These concerns, he added, were shared with security forces in writing. “We don’t want police protection so they may die instead of us,” Khan said. “We just want the strength to retaliate.”

Bhat’s killing, Khan claimed, would not frighten them into submission. “We are all grassroots workers who live in their own homes, unprotected,” he said. “We will do try things to protect ourselves but we will not leave our ideology.” Party workers scared of their safety sometimes take shelter at friends’ houses or the party office in Srinagar, he added.

It is “more dangerous” to raise the BJP flag in Kashmir than to speak of the Hizbul Mujahideen in Delhi, Khan claimed, but the party leadership would stand its ground in the Valley. Just as the militancy struck roots in the Valley “and refused to leave, so too has the BJP”. “We won’t leave easily,” Khan said.

Gowhar Hussain Bhat.
Gowhar Hussain Bhat.

Steady presence

The BJP, which runs the state’s coalition government along with the People’s Democratic Party, took all its 25 seats in the Assembly from Jammu region in the 2014 election. The party, however, has long had a presence in the Valley too.

In 1989, BJP leader Tika Lal Taploo became the first Kashmiri Pandit to be killed by separatist militants. In 1999, the BJP nominee for the Anantnag parliamentary seat, Ghulam Hyder Noorani, and three of his workers were killed on the campaign trail. Several party workers were injured, among them Sofi Yousuf, now a member of the Legislative Council.

Yousuf, who joined the BJP in 1999 and is one of the party’s oldest members in Kashmir, unsuccessfully contested three assembly and as many parliamentary elections before he was elected unopposed to the Legislative Council in 2015, becoming the party’s first Kashmiri Muslim lawmaker.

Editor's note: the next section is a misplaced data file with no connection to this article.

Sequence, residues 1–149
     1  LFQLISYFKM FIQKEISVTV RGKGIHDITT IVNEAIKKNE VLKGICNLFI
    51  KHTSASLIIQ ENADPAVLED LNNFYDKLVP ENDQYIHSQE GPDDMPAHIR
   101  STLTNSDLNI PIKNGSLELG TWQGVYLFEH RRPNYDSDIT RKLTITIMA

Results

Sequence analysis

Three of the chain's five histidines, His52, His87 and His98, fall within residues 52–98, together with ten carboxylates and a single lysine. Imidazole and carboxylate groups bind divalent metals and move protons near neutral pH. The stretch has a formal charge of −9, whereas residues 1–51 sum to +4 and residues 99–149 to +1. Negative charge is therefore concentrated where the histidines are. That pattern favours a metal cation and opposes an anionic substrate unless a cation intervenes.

He said the BJP’s progress in Kashmir has been difficult. “The administration would say ‘Sofi you have become a Hindu, are you converting people you help in government offices’,” the lawmaker said about his early days with the party. “I was pushed out of the offices of four district commissioners.”

Yet, Yousuf claimed, the BJP has grown stronger, swelling from 100-150 workers across the Valley in 1996 to a whopping 3,30,000 today. His claims would be tested when panchayat elections are held in a few months.

Saraf said the party would campaign on the plank of development and fight independently of the People’s Democratic Party. “We have to test our waters and the PDP theirs,” he said.

The BJP’s last electoral outing in Kashmir, the 2014 Assembly election, did not go well. Despite trying to create a committed grassroots base by getting the Rashtriya Swayamsevak Sangh’s Muslim Rashtriya Manch and the Jama’at Ulema-e-Hind to work silently with the local clergy, the party failed to win a seat. The effort did yielded the party’s highest vote share ever in the Valley, though, even if it was a mere 2.2%.

If the BJP’s electoral influence is so negligible, what draws people like Bhat to the party? Yousuf offered nationalism and the pursuit of development. He himself has stuck with the BJP for nearly two decades because it is the only “nationalist party”. “Our Quran tells us to praise the country we are born in, to treat it like a mother,” he said. Other parties in Kashmir, he claimed, had links with the separatists.

Nationalism is twinned with development. Yousuf claimed other mainstream parties have “only looted Kashmir since 1947 and there are still villages where the situation is the same as it was in ’47”. Only the BJP, he added, had the will to bring development to such places.